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Rehoboth Church was organized in 1778 by the Reverend James Finley. As the congregation grew, a larger church building was needed. The present building is the fourth structure for Rehoboth.

The fourth building was planned by J. Charles Fulton of Uniontown. The work was begun in the summer of 1899. The church was dedicated on June 14, 1900. The architecture is pure Romanesque throughout.
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The stained glass windows at Rehoboth are original to the construction of the building in 1899. Over their 100 + year history, the have been restored at various times by The Pittsburgh Stained Glass Studios.
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Taking up almost one third of the south wall of the sanctuary, the Cook window group was originally given to the church at the time of its construction, in memory of Col. Edward Cook and his wife, Martha, by their decendants. The round window is a reproduction of a painting called “Christ the Consoller” by Bernhard Plockhurst. While little is known of the painting itself, the theme seems clear. Christ, ready to receive anyone who comes to him, humble and contrite, seeking forgiveness of sins and comfort in sorrow.
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Plockhurst, born in Brunswick, Germany in 1825, painted many Biblical characters and scenes, eleven of which are reproduced in stained glass. Two of the most popular were “Christ in the Garden of Gethemane” and “The Good Shepard”.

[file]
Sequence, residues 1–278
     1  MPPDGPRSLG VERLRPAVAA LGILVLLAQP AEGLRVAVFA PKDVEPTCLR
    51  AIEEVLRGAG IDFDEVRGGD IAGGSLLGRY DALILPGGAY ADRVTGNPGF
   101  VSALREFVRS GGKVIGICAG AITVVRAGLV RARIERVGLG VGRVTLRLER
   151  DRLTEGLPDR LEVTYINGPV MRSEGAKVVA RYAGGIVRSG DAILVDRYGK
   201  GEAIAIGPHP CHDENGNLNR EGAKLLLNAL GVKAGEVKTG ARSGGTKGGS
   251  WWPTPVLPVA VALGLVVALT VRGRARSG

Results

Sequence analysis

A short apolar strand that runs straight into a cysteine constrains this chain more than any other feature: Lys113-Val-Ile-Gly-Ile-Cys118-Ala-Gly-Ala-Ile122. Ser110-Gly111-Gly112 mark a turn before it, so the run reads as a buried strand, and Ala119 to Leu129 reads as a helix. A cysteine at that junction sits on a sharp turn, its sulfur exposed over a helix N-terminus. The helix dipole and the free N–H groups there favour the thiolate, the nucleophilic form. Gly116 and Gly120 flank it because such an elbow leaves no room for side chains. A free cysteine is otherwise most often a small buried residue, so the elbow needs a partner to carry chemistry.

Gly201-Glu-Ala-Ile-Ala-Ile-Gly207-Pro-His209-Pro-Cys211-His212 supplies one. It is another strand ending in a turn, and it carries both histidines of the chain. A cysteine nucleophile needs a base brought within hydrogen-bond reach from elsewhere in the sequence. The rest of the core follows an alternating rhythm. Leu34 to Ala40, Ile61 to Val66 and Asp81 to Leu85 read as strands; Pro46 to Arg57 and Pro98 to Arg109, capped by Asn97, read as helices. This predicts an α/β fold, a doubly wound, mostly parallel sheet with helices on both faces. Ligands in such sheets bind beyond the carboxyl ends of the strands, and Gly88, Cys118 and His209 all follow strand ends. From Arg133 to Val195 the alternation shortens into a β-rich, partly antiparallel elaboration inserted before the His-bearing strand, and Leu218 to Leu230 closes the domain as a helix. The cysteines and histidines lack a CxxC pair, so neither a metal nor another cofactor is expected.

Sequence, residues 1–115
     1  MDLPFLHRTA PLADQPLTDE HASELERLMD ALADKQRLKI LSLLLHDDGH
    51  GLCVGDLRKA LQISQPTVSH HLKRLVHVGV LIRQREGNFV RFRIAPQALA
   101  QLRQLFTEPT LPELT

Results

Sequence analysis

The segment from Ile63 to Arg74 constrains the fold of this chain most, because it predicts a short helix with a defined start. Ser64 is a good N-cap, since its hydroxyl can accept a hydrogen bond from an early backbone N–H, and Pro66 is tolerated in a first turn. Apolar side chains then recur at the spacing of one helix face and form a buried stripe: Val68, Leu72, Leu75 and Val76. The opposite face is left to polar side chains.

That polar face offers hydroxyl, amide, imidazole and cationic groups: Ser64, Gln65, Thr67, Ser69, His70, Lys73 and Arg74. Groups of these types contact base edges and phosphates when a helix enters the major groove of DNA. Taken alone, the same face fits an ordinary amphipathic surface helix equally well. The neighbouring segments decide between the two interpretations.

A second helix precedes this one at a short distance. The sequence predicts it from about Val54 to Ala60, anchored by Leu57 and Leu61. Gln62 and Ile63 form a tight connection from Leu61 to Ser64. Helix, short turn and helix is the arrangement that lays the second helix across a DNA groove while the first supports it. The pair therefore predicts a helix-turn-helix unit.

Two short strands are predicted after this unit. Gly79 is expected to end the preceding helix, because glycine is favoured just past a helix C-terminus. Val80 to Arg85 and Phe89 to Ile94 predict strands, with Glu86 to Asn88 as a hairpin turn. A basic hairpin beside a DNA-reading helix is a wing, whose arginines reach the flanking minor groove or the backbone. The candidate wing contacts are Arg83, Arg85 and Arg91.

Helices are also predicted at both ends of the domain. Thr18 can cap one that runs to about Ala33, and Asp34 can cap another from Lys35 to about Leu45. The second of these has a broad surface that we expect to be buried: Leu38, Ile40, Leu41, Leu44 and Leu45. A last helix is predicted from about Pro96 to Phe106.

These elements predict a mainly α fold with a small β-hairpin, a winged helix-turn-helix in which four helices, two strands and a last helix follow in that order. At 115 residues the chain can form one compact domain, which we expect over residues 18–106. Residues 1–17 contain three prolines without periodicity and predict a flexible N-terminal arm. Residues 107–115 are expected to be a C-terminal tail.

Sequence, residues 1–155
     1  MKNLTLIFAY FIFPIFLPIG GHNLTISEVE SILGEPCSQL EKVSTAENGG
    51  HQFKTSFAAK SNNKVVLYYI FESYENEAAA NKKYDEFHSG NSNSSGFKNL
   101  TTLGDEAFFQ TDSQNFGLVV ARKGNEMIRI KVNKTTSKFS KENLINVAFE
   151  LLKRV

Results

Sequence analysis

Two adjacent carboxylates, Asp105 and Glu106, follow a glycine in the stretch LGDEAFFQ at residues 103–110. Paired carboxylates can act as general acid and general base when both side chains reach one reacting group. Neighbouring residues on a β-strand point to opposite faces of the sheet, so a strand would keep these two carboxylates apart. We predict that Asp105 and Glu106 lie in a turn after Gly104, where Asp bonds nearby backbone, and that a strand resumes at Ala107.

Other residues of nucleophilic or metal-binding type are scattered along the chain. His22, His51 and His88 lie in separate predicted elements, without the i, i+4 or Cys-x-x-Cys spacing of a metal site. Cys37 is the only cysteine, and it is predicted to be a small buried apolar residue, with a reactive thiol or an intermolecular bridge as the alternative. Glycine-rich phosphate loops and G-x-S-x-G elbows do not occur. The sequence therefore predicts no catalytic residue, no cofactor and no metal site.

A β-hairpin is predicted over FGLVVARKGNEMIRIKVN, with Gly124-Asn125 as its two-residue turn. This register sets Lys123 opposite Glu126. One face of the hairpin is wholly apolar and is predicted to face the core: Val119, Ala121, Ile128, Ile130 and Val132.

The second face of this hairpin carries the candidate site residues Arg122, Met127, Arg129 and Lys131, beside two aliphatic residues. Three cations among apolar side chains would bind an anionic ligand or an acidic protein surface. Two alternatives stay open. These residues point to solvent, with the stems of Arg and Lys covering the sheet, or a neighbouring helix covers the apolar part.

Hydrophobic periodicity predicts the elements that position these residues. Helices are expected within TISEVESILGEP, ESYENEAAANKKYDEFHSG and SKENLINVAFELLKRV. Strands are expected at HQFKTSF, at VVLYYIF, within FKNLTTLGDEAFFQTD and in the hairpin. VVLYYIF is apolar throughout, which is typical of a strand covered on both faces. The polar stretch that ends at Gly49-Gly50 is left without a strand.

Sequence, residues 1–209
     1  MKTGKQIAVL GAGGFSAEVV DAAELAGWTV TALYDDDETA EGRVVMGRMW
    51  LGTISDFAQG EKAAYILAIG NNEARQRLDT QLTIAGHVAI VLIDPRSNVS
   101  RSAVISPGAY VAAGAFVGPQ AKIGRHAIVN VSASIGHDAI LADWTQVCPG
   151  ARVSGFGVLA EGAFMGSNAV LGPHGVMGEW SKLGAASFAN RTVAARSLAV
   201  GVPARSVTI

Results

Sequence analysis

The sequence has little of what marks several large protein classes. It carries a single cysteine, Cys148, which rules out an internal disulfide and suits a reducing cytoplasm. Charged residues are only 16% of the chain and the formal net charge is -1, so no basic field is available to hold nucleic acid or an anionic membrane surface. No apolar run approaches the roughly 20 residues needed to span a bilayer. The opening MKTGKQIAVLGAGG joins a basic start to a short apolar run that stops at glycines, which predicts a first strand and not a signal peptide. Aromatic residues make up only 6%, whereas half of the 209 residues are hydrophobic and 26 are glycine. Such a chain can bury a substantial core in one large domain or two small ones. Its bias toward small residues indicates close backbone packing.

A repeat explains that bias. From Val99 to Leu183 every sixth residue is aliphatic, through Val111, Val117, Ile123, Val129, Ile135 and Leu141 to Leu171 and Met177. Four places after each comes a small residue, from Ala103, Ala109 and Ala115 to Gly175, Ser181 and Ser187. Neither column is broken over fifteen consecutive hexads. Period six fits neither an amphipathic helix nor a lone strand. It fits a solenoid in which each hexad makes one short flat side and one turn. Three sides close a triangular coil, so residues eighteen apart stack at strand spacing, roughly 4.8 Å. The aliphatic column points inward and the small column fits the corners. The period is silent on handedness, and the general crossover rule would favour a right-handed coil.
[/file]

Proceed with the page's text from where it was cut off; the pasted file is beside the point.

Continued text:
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The three lower windows of the Cook group share a Victorian floral design; however, each has a special symbol at the top of the upper panel. Central to these windows across both panels is the Easter Lily, the symbol of Christ’s resurrection. The five blooms are significant, since the number five has always been regarded as mystical and magical, yet essentially ‘human’. We have five fingers & toes on each limb. We commonly note five senses. In Christianity, five were the wounds of Christ on the cross. In these three windows you can see the star of Epiphany, the crown to symbolize the sovereignty of Jesus, and the reward of a faithful Christian life, and finally Alpha and Omega, the first and last letters of the Greek alphabet, which symbolize the eternity of Jesus.

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